186. With respect to the public availability of information and, as noted above, the CBR has an appropriate range of publications. Senior officials of the CBR also make public appearances before the State Duma, give speeches to financial groups, and give media interviews as a means of explaining CBR policy decisions and actions. The CBR regularly discloses its summary balance sheet and aggregate information on market transactions and the types of transactions on a monthly schedule in the Bulletin of Banking Statistics and posts this information on its web site. Apart from information on international reserves, the presentation and release of data are consistent with Special Data Dissemination Standards (SDDS). Texts of regulations issued by the CBR are readily available to the public and published in the CBR’s weekly Newsletter and also posted on the CBR website.

187. Transparency practices are observed in the area of accountability and assurances of integrity. The CBR is accountable to the State Duma which appoints and can discharge the chairman and members of the Board for specified reasons. The CBR is required to submit its Annual Report, including audited financial statements, to the Duma. Twice a year, the Chairman of the CBR speaks before the State Duma about the operations of the CBR; the State Duma holds parliamentary hearings on the operations of the CBR with the participation of the CBR representatives. The CBR does not disclose a fuller explanation of the internal governance procedures, including the performance of the internal audit systems, and the current standards for the conduct of financial affairs and rules to prevent conflict of interest. Standards for the conduct of the personal financial affairs of officials and staff are established in the CBR law but there are no legal provisions to protect CBR staff in the conduct of their duties.

Table 9.

Recommended Plan of Actions to Improve Observance of IMF’s MFP Transparency Code Practices—Monetary Policy

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Authorities’ response

188. The authorities felt that the cases in which they did not fully disclose information to the market were covered by the Code’s recognition of circumstances in which such disclosures could have adverse effects on the policy environment (e.g., foreign exchange reserves and intervention). This also applies to interest rates at which the CBR accepts deposits from the Ministry of Finance. They noted that these interest rates are specified in bilateral agreements, which are confidential and therefore not subject to disclosure. The authorities’ response to recommendations 1.2.3 and 1.3.2 was that the rules and procedures governing the relationship between the CBR and its counterparts in the course of monetary operations are governed by the CBR regulatory documents published in the Bulletin. Regarding recommendation 1.2.4, the CBR argued that the language concerning the disclosure of transactions in precious metals and stones should be removed from the text since the CBR has not conducted any sizable operations of this nature in recent years. The CBR’s response to the recommendation that the objectives, rationale, quantitative targets and key underlying assumptions be presented on a higher frequency was that the CBR publishes such information regularly and that timing and periodicity are not precisely defined in the code. Moreover, they disagreed with the Fund staff assessment that a higher frequency of release of information to the market would enhance transparency.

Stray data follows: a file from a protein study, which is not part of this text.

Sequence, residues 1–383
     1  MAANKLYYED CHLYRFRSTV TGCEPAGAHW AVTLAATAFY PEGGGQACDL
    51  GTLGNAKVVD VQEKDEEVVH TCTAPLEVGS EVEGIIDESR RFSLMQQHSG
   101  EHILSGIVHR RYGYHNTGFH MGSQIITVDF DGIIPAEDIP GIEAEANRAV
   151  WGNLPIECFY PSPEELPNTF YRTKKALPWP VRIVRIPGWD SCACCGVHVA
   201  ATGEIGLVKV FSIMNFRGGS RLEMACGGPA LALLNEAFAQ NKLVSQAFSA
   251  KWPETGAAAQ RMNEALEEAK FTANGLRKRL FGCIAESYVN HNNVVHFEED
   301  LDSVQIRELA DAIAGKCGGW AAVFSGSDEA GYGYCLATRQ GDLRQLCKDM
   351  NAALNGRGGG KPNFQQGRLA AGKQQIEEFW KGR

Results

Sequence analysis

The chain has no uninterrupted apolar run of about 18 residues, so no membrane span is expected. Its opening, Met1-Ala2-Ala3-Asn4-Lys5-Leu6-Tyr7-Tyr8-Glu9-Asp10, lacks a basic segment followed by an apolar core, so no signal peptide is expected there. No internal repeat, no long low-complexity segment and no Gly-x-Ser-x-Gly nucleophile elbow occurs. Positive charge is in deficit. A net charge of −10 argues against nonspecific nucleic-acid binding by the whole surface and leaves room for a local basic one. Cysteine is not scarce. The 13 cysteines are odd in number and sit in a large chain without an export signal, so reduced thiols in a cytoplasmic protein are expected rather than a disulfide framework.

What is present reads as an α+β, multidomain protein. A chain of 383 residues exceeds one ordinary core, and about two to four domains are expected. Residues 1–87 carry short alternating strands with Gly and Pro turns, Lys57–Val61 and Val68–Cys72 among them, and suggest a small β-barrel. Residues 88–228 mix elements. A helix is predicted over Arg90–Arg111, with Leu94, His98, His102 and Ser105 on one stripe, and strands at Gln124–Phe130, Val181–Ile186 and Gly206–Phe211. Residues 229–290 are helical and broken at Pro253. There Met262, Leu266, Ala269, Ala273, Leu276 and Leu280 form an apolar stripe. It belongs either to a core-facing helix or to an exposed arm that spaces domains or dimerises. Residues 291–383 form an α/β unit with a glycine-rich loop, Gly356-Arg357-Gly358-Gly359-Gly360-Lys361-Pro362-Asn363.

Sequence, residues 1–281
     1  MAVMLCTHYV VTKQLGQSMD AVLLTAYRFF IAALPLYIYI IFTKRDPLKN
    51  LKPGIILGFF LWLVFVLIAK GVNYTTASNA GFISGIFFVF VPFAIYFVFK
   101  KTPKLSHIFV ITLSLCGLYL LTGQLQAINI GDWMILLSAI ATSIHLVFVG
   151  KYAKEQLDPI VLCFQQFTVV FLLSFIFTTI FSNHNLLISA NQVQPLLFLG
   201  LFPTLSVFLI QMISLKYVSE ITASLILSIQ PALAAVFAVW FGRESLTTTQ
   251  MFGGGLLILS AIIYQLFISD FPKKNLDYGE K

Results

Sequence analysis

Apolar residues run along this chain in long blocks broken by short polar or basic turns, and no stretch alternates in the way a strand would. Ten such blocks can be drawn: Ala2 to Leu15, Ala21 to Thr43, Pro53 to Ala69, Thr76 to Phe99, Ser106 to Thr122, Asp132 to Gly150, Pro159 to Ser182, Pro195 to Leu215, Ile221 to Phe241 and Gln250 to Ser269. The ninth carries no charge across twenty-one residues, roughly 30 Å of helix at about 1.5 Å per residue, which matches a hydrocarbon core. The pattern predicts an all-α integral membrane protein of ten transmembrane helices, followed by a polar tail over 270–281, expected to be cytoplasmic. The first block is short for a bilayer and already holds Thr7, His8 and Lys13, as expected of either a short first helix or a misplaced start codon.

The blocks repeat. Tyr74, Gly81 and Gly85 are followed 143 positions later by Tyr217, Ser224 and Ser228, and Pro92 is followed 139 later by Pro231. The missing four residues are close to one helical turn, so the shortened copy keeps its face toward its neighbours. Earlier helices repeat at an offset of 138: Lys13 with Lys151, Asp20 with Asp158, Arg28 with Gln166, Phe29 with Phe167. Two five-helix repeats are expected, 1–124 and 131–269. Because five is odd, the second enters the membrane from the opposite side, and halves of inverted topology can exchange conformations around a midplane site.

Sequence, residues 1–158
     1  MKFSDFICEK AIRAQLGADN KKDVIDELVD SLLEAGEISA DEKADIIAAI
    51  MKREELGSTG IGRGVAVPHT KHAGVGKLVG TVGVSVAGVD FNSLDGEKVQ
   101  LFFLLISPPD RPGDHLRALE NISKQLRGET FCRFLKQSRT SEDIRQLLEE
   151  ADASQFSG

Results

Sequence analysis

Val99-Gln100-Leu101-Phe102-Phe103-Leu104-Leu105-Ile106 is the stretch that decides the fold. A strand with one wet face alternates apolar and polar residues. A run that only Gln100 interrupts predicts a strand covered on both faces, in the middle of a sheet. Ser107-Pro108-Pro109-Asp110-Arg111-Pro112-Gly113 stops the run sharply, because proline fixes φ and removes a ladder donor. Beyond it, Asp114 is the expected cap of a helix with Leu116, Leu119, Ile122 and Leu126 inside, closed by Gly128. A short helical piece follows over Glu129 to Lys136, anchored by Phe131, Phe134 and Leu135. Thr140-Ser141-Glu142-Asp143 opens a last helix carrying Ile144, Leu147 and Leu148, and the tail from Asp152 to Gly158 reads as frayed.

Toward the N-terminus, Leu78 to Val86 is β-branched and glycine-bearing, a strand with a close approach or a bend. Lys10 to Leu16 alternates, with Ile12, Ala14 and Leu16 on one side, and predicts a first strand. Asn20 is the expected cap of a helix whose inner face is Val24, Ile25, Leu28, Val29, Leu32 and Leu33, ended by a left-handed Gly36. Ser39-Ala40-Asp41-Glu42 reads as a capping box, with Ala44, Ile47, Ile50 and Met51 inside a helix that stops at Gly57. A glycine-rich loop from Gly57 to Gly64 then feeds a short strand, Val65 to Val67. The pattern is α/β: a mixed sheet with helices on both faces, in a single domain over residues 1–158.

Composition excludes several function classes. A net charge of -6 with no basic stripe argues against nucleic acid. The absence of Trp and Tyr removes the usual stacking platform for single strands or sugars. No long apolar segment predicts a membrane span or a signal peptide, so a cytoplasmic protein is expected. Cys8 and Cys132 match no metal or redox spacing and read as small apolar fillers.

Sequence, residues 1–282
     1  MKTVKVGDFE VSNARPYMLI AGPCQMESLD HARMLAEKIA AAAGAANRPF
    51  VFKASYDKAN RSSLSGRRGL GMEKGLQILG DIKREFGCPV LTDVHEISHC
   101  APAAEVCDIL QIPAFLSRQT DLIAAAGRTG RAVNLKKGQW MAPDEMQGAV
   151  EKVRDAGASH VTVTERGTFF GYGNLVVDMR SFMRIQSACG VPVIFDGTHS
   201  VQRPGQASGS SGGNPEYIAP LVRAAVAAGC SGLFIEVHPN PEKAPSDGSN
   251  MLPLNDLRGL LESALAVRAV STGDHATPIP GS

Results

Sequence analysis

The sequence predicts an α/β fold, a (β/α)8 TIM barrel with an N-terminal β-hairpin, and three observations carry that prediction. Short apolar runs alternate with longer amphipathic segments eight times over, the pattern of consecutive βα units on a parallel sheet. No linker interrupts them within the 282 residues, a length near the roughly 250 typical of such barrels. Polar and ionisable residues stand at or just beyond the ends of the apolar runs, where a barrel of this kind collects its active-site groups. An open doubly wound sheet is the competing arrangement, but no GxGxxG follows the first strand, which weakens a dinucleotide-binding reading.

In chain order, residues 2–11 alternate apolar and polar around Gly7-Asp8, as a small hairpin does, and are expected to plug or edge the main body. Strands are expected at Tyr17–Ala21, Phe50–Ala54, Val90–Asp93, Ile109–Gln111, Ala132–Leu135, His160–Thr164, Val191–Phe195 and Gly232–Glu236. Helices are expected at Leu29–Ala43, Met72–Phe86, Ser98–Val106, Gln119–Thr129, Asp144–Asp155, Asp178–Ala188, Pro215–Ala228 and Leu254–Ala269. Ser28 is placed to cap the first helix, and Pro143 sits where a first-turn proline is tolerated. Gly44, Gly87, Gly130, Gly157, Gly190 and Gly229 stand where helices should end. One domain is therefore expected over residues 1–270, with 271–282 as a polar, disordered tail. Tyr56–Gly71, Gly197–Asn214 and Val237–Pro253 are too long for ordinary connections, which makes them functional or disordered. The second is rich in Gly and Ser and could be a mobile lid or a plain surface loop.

B. Banking Supervision

Main findings

189. The assessment found the CBR to be in broad conformity with the transparency code requirements in the implementation of banking supervision policies. The summary below provides details of the findings of the assessment. The CBR is the sole agency responsible for banking regulation and supervision.

190. The CBR’s main responsibilities comprise: conduct of monetary policy; lender of last resort for lending institutions; formulation and implementation of policies for the conduct of the operations of credit institutions; registration of credit organizations and licensing of banking activities; supervision of the activities of credit institutions; regulation of credit institutions’ participation in securities markets; and coordination of the payment system.

191. With respect to clarity of roles, responsibilities, and objectives, the broad objectives and institutional framework for the regulation and supervision of the banking system are clearly defined in the law, and are also disclosed and publicly explained through various publications. However, additional steps should be taken to clarify, publicly disclose, and explain the functional relationships among the banking, securities, and insurance regulators, including through public disclosure arrangements between the agencies.

192. As regards the openness of formulating and reporting of financial policies, the CBR law clearly specifies the framework under which banking supervision and regulation shall be conducted, and mandates that all normative acts be published. The CBR periodically issues its analysis of the state of the banking system in its Annual Report and in its other publications. Key changes in the regulatory framework are published and disclosed through official publications and also on the CBR’s website. The CBR law was recently amended to allow for information sharing between the CBR and foreign supervisory agencies instead of relying on bilateral agreements as in the past. Domestic financial agencies still rely on bilateral agreements many of which are unspecified and not publicly explained.